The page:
US Energy Department Makes Entirely Sensible Radioactive Waste Decision – Surprise!

Sensible decisions about radioactive waste are rare enough that we should celebrate when they happen. As has just happened here with the US Department of Energy – the people responsible for cleaning up the mess of the US atomic bomb program.

They’ve decided to use actual science and isn’t that a joy?

The US government plans to reclassify some of the nation’s most dangerous radioactive waste to lower its threat level, outraging critics who say the move would make it cheaper and easier to walk away from cleaning up nuclear weapons production sites in Washington state, Idaho and South Carolina. The Department of Energy said on Wednesday that labeling some high-level waste as low level will save $40bn in cleanup costs across the nation’s entire nuclear weapons complex. The material that has languished for decades in the three states would be taken to low-level disposal facilities in Utah or Texas, the agency said.

Well, yes, of course this is going to outrage some people. There always will be the terminally offended:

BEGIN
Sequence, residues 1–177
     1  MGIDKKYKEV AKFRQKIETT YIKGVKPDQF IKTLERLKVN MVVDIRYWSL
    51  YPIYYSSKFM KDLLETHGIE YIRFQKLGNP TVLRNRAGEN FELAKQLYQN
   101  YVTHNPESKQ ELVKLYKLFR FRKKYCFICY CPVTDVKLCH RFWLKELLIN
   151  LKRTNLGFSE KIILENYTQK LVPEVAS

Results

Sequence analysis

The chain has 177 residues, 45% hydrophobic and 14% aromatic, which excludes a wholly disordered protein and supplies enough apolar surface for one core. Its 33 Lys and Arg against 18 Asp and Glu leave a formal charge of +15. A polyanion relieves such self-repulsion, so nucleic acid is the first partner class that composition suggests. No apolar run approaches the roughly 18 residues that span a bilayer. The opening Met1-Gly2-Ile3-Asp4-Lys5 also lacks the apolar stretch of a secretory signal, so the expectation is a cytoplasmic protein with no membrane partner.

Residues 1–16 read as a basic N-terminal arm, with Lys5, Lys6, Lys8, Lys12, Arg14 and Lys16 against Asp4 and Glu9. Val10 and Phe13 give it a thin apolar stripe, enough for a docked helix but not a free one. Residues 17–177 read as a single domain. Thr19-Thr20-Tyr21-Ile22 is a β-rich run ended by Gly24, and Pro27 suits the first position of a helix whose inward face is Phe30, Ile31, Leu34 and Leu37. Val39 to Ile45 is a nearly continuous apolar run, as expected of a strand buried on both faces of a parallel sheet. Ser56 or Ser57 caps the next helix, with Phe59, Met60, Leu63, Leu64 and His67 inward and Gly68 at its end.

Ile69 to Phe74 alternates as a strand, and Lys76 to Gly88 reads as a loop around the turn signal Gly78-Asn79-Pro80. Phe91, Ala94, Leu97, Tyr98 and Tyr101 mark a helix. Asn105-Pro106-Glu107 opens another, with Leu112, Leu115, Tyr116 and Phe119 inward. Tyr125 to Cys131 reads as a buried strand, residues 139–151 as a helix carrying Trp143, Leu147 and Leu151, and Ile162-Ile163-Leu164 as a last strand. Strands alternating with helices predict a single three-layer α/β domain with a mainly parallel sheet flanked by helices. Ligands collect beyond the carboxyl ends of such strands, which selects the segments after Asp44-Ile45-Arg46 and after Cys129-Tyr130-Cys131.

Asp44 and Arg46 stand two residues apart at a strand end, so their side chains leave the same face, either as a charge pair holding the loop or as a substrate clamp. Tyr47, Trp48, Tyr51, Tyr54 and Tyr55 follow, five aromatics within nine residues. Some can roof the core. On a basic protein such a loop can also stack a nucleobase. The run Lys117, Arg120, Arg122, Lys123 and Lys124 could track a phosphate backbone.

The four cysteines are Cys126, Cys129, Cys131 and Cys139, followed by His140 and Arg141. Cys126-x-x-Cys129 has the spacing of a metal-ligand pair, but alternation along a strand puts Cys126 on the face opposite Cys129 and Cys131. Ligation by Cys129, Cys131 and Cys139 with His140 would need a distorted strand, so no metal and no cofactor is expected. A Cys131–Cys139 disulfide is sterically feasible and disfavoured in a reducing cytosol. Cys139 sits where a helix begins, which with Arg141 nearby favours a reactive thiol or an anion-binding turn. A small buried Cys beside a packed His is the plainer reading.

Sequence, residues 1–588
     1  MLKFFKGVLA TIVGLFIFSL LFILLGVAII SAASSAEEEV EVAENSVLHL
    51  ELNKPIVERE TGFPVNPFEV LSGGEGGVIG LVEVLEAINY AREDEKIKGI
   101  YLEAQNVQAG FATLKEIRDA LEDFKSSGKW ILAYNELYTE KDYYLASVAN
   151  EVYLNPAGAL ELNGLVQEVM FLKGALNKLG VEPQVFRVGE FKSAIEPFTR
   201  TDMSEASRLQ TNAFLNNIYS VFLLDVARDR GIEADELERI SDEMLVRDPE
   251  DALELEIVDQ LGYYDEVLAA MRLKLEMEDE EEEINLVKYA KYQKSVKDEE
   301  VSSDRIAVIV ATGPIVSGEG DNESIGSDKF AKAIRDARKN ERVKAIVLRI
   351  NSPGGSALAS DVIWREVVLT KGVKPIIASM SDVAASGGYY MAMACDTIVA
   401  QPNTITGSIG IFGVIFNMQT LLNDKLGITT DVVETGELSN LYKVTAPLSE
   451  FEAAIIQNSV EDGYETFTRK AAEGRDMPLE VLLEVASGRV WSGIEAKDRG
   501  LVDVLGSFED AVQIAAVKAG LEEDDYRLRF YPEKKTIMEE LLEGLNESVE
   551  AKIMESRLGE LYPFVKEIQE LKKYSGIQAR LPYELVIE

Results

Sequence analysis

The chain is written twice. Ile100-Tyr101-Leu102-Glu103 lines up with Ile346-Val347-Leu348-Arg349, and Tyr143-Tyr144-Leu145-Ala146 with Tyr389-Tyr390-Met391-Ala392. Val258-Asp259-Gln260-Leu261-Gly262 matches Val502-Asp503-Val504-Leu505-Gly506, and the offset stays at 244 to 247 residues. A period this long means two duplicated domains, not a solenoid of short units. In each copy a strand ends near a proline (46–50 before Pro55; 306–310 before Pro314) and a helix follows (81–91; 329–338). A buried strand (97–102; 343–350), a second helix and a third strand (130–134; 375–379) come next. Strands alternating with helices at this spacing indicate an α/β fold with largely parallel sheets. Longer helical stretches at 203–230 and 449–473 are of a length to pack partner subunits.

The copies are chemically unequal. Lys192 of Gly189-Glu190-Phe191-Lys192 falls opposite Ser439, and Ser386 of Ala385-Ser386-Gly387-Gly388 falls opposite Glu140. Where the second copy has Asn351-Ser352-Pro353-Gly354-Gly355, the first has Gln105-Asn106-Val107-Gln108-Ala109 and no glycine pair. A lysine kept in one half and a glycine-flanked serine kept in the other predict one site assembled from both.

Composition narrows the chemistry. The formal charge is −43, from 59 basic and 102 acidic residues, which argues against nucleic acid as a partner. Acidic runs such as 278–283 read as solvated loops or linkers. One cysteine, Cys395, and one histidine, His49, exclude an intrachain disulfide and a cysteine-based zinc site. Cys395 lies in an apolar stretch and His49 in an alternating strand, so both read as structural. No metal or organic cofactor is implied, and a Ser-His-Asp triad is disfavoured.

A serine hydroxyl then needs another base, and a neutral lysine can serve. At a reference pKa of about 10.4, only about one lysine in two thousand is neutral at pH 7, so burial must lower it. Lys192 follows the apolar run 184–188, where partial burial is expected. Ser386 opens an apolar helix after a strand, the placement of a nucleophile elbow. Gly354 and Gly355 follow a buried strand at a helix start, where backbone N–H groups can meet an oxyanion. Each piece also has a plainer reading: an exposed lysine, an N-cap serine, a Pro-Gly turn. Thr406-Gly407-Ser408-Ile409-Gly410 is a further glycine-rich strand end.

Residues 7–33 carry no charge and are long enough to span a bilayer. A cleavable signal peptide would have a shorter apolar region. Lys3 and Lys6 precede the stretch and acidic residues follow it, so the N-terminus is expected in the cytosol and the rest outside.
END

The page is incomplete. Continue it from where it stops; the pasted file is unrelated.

The new rules would allow the energy department to eventually abandon storage tanks containing more than 100m gallons (378m liters) of radioactive waste in the three states, according to the Natural Resources Defense Council. The change means that some of the “most toxic and radioactive waste in the world” would not have to be buried deep underground, the environmental group said. “Pretending this waste is not dangerous is irresponsible and outrageous,” group attorney Geoff Fettus said.

Tom Clements of Savannah River Site Watch, a watchdog group for the South Carolina nuclear production site, called the reclassification of waste “a cost-cutting measure designed to get thousands of high-level waste containers dumped off site”. He said moving the waste to Utah or Texas is a bad idea involving “shallow burial”.